Monk fruit sweetener is made from the fruit’s extract. Typically, the sweetener is blended alongside dextrose, maltodextrin, or other agents to balance its sweetness.

Monk fruit extract is approximately 150-200 times sweeter than sugar.

Similar to stevia extracts and other artificial sweeteners, monk fruit extract contains no calories, carbohydrates, sodium, or fat.

Monk fruit sweetener also doesn’t typically have the bitter bite that stevia extracts are known for either.

The FDA has classified monk fruit sweetener as GRAS.

Benefits of Monk Fruit Sweetener

Monk fruit sweetener has a number of appealing features making it a viable alternative to regular sugar:

Zero Calories

Monk fruit extract contains no calories making it a good sweetening option for those on low-calorie diets who still want to be able to enjoy sweet treats every now and then while losing weight.

Zero Carbs

Monk fruit extract also contains no carbohydrates, thereby making it a suitable inclusion for low-carb and keto dieters.

Zero Sugar

This comes as no surprise, especially when you consider that monk fruit sweetener contains zero carbs. This makes it appealing for low-carb dieters, keto enthusiasts, and diabetics.

Monk fruit extract contains no carbs or sugar which means that consuming it will not raise blood sugar or insulin levels.

Safe

The FDA considers monk fruit extract GRAS, and there is no substantial body of evidence to date noting any serious harmful side effects from its use (in reasonable amounts).

Versatile

Monk fruit sweeteners are available in powder, liquid, and granular form so it can be used in whatever culinary application you desire.

Rich in Antioxidants

Animal studies indicate that the active compounds naturally present in monk fruit possess antioxidant properties. However, it remains to be determined if these same properties translate to the processed monk fruit extract. [2]

May Assist Diabetics

Animal studies also indicate that the active compounds in monk fruit (mogrosides) may support healthy blood sugar levels. [2]

And, another piece of intriguing research suggests that mogroside extracts may help stave off diabetic complications. [3]

As mentioned above, these findings have yet to be replicated in human studies.

Drawbacks of Monk Fruit Sweetener

Cost

As we mentioned above with stevia extracts, monk fruit sweetener (and products containing it) generally are more difficult to find along with being more expensive compared to products using sugar or more common artificial sweeteners like those mentioned previously.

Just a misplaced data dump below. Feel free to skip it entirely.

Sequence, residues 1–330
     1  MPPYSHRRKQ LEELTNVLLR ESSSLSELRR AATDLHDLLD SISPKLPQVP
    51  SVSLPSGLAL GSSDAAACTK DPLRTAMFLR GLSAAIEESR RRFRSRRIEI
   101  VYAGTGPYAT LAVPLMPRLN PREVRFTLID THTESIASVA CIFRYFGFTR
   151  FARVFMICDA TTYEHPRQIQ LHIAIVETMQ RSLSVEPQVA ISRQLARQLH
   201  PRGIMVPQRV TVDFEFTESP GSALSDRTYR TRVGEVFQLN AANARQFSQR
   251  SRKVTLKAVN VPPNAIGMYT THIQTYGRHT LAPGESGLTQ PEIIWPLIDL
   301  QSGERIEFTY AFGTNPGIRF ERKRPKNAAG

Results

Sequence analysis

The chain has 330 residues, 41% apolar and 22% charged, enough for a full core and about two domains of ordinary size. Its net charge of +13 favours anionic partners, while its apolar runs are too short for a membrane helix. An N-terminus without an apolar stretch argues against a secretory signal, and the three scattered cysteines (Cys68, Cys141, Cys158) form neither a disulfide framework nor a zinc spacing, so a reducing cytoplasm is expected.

Taste

If you’re accustomed to the taste of sugar or other artificial sweeteners, it’s important to realize monk fruit sweeteners taste different and may also leave an aftertaste. Taste is highly subjective (as with all foods). Some enjoy the taste of monk fruit while others don’t enjoy it as much.

Added Ingredients

To balance out some of the potential “off” flavors of monk fruit sweetener, food and dietary manufacturers often add in other sweeteners, such as maltodextrin, sucralose or stevia.

Takeaway

Stevia and monk fruit are two of the top “alternative” non-nutritive sweeteners individuals seek out when looking to diversify their intake from the “usual” non-nutritive sweeteners (sucralose, ace-k, etc).

Both of these sweeteners are found in nature and contain little to no calories (depending on the form you use).

Stevia and monk fruit sweeteners are generally recognized as safe, do not contain carbohydrates, or spike blood sugar or insulin levels, making them a viable option for low-carb dieters or diabetics.

Ultimately, choosing which sweetener to use will boil down to taste, cost, availability, and how “natural” you want your sweetener to be.

References

  1. Cardello, H., Da Silva, M. & Damasio, M. Measurement of the relative sweetness of stevia extract, aspartame and cyclamate/saccharin blend as compared to sucrose at different concentrations. Plant Foods Hum Nutr 54, 119–129 (1999). https://doi.org/10.1023/A:1008134420339
  2. Xu Q, Chen SY, Deng LD, Feng LP, Huang LZ, Yu RR. Antioxidant effect of mogrosides against oxidative stress induced by palmitic acid in mouse insulinoma NIT-1 cells. Braz J Med Biol Res. 2013;46(11):949-955. doi:10.1590/1414-431X20133163
  3. Liu H, Wang C, Qi X, Zou J, Sun Z. Antiglycation and antioxidant activities of mogroside extract from Siraitia grosvenorii (Swingle) fruits. J Food Sci Technol. 2018;55(5):1880-1888. doi:10.1007/s13197-018-3105-2
  4. Carakostas MC, Curry LL, Boileau AC, Brusick DJ. Overview: The history, technical function and safety of rebaudioside A, a naturally occurring steviol glycoside, for use in food and beverages. Food Chem Toxicol 46 (2008) S1–S10
  5. Maki KC, Curry LL, Reeves MS, et al. Chronic consumption of rebaudioside A, a steviol glycoside, in men and women with type 2 diabetes mellitus. Food and Chemical Toxicology 46 (2008) S47-S53.
  6. Carakostas MC, Curry LL, Boileau AC, Brusick DJ. Overview: The history, technical function and safety of rebaudioside A, a naturally occurring steviol glycoside, for use in food and beverages. Food Chem Toxicol 46 (2008) S1–S10.